Some evidence indicates that Canadian forests now emit more carbon than they store. A 2010 study estimated that wildfires in the U.S. release about 290 million metric tons of CO2 each year, an amount equivalent to 4 to 6 percent of our carbon emissions from burning fossil fuels.
Globally, wildfires burn 865 million acres a year, an area over five times the size of Texas. As climate change brings warmer temperatures, more drought and changing precipitation patterns, the wildfire risk in many parts of the world will likely increase, with North America, Europe, Australia and Russia expected to be hardest hit. Currently, wildfires burn approximately 1,280,000 acres of land in Europe each year. By 2090, the area burned in the European Union could increase 200 percent. This year, southeast Australia experienced an abnormally early bushfire season; long-term trends driven by climate change will likely make bushfires more intense and lengthen the fire season. Russia has experienced three times more fires in 2014 than last year, and models suggest there will be a sharp increase in fires by the end of the 21st century, with a dramatic loss of forests.
In the Amazon, fires are becoming larger and more frequent due to dry conditions, more people living in the forest and using fire to clear land, and increased changes in vegetation due to deforestation. Victor Gutierrez-Velez, a postdoctoral research scientist at the Earth Institute studying fires in the Peruvian Amazon, explained that people affect fires both directly and indirectly.
"Humans change the climate patterns globally which can affect the weather in the Amazon," he said. "Deforestation and reforestation change the amount of fuel that's available to burn. And in the Amazon, humans are the main source of ignition, not lightning."
It's expected that these combined effects will increase fires in the Amazon, not linearly, but in more frequent pulses of atypically intense fires. "We are seeing extreme fire events without precedents," said Gutierrez-Velez. And unfortunately, once a forest burns, that forest is more likely to burn again: Fires let more sunlight into the forest, which leads to more drought; then more flammable invasive species such as grasses can move into the area because there is more sunlight.
Since wildfires are exacerbated by a number of factors, solutions need to address a variety of issues.
Worsening wildfires and the expectations of homeowners that their property will be protected have forced federal agencies to shift money away from long-term fire management into short-term fire suppression.
"Right now, fire management is largely crisis management," said Williams. "But money would be better spent, and we'd have a better chance to not have wildfires happen, if we treated forests first with prescribed burns and forest thinning… set a fire on purpose where you want it, with people around to manage it."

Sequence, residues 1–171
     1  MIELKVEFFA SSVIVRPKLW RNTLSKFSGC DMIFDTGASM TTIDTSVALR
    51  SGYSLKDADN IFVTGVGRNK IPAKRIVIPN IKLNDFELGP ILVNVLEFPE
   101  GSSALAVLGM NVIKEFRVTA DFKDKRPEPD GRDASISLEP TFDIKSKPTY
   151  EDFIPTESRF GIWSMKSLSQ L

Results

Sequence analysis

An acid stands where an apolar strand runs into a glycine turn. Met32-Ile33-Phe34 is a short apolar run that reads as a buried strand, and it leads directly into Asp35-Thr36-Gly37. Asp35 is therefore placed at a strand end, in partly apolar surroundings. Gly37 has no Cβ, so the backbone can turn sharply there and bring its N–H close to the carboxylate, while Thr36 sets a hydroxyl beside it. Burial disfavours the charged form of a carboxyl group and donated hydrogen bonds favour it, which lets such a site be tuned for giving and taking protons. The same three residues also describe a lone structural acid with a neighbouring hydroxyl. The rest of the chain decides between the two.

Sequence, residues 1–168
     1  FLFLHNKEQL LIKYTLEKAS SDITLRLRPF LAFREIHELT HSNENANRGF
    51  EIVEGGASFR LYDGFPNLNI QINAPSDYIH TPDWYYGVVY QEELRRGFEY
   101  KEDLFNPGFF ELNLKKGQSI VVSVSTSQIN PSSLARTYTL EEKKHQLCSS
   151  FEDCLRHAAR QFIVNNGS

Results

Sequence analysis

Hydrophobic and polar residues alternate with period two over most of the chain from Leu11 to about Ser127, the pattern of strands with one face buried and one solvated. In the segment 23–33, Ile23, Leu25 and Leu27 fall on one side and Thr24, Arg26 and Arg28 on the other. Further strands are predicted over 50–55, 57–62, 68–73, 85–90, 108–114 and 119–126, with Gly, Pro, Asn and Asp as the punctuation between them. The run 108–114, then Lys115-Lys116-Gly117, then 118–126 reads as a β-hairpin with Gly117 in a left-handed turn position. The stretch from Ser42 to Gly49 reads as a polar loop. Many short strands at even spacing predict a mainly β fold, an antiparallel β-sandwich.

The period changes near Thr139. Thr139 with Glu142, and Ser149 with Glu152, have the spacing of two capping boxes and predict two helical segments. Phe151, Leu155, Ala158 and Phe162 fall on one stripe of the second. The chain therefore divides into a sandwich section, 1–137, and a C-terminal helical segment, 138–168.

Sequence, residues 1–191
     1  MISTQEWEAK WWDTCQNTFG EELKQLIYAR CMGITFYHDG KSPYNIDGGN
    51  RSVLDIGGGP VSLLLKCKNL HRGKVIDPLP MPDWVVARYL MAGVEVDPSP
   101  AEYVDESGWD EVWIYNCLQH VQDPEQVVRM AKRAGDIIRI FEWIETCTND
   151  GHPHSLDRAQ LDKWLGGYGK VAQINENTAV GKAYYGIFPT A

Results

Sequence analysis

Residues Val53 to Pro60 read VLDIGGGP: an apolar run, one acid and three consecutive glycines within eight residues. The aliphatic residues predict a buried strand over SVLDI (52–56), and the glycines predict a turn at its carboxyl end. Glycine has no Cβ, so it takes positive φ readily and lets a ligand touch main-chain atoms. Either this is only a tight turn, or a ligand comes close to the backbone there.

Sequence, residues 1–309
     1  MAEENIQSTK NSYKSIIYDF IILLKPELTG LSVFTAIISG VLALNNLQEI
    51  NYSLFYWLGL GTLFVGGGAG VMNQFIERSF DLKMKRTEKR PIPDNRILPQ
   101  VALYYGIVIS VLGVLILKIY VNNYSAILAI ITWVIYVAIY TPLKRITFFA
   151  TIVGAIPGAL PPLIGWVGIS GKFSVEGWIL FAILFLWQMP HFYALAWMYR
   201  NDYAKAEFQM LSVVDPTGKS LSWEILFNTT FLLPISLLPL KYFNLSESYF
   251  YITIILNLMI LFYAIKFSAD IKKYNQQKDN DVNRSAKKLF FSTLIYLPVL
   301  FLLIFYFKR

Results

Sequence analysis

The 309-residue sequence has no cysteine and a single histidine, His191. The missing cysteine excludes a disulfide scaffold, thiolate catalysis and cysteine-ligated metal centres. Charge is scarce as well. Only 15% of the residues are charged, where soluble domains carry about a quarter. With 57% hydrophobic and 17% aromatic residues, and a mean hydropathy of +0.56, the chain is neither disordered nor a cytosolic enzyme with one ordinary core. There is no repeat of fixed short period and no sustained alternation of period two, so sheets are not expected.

For the last 50 years in the U.S., more and more new homes have been built near wild lands, which have a higher risk of wildfires. Over 1.2 million homes in 13 western states are located in areas at high or very high risk of fire. Zoning decisions and planning need to take these risks into consideration, and insurance premiums should be adjusted to reflect them. Homeowners in wild areas need to fireproof their houses and clear a buffer zone around their homes. More resources should go towards improving wildfire mapping and predicting.
In the western Amazon, Associate Research Scientist Kátia Fernandes at The Earth Institute's International Research Institute for Climate and Society is creating models to forecast seasonal fires in real time. The dry season in this region goes from July to September; Fernandes looks at conditions in April and May that can affect drought during the dry season.
"The main driver of fires is drought, and droughts in the west Amazon are driven by sea surface temperatures in the north tropical Atlantic Ocean," Fernandes explained. "When the ocean there is warmer than normal, the band of rainfall migrates north away from the Amazon, reducing precipitation there. The models look for these anomalies over a large area."
This three-month advance alert about coming drought is time enough for local policy makers to coordinate and implement preventive measures. It enables them to help locals using fire to clear their fields to adapt to more flammable conditions by building fire breaks and being on the lookout for out-of-control fires.
Gutierrez-Velez is studying how different types of vegetation with different levels of flammability can help reduce the risk of wildfires in the Amazon. He is evaluating whether reforestation of marginal or deforested lands can serve to reduce the flammability of the land while reducing heat-trapping CO2 from the atmosphere.
Because of the amount of carbon we humans have released into the atmosphere, we cannot escape the effects of climate change we have already unleashed. The most important long-term solution to the wildfire problem is to curb our carbon emissions going forward to help slow global warming and perhaps limit the enormity of its risks, including intensifying wildfires.